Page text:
food and trading. The acts also temporarily
ended Town Meetings in New England.
The Coercive Acts were so hurtful to the
colonies, especially New England, that colonists
considered them intolerable.
Eventually fighting broke between colonial
militias and the British soldiers at the battles of
Lexington and Concord. Also, because of their
anger, the colonies joined together to help
Boston and formed the 1st Continental Congress
and later the 2nd Continental Congress.
13. The 1st Continental Congress
First Political Cartoon of the Colonies
It urged the colonies to join together to fight
Second Continental Congress
14. In the early summer of 1776,
representatives (from the 13 colonies) met
in Philadelphia to discuss the upcoming war
The Continental Congress was called
together to unify the colonies against the
oppressive Parliament and the King of
England. The individual colonies realized
that unless they joined together, they would
not be able to win a war against England.
While at the 2nd Continental Congress, many
members wanted to create a statement to
the King informing him of their reasons for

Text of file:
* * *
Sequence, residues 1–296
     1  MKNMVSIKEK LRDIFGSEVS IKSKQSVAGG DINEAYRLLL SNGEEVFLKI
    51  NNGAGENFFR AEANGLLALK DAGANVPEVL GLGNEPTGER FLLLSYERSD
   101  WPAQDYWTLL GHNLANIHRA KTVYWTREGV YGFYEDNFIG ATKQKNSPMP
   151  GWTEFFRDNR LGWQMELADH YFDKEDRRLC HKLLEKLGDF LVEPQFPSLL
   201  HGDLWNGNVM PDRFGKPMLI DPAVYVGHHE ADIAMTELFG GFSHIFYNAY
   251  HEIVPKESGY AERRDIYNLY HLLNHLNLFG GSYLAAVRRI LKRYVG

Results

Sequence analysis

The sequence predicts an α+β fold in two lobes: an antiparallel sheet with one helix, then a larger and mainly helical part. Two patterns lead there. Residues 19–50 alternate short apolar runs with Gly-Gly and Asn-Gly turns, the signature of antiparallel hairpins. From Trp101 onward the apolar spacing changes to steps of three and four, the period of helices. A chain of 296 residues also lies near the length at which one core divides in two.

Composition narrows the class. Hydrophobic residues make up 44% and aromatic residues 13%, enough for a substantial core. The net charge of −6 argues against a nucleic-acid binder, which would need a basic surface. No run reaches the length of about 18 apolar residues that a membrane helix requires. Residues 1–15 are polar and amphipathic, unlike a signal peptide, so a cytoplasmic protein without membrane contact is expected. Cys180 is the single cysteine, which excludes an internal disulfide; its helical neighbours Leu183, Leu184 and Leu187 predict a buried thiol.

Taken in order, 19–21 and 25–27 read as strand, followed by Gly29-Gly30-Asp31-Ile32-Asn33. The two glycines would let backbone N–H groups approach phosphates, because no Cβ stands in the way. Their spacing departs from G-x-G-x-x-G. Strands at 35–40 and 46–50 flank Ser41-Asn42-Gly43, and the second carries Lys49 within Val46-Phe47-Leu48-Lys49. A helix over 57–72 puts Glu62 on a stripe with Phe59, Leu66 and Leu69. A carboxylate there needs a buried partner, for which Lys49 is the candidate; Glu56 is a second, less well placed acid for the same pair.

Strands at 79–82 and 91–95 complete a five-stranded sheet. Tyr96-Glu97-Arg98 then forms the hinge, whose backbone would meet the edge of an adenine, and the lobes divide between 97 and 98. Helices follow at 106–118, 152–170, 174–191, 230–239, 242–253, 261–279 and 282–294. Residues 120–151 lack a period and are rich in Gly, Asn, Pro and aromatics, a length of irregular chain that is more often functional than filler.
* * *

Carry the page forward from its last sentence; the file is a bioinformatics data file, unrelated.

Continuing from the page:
breaking away from England. This
statement was written by Thomas Jefferson
and called the Declaration of Independence.
15. The writing of the Declaration of Independence
General George Washington
16. The Declaration of
In 1776, at the 2nd Continental Congress,
the colonies decided to create a statement
to the King of England.
Most members of the Continental Congress
felt a Declaration of Independence was
important to justify the fighting that had
already begun between the colonies and
England. Thomas Jefferson, the main writer
of the Declaration of Independence, used
the writings of John Locke to justify the
reasons for declaring independence.
Once the Declaration was signed and
approved, the colonies officially had decided
to break away from England and form their
own country. Today it serves as one of the
most important foundational documents for
the United States of America.
17. Thomas Jefferson
The Declaration of Independence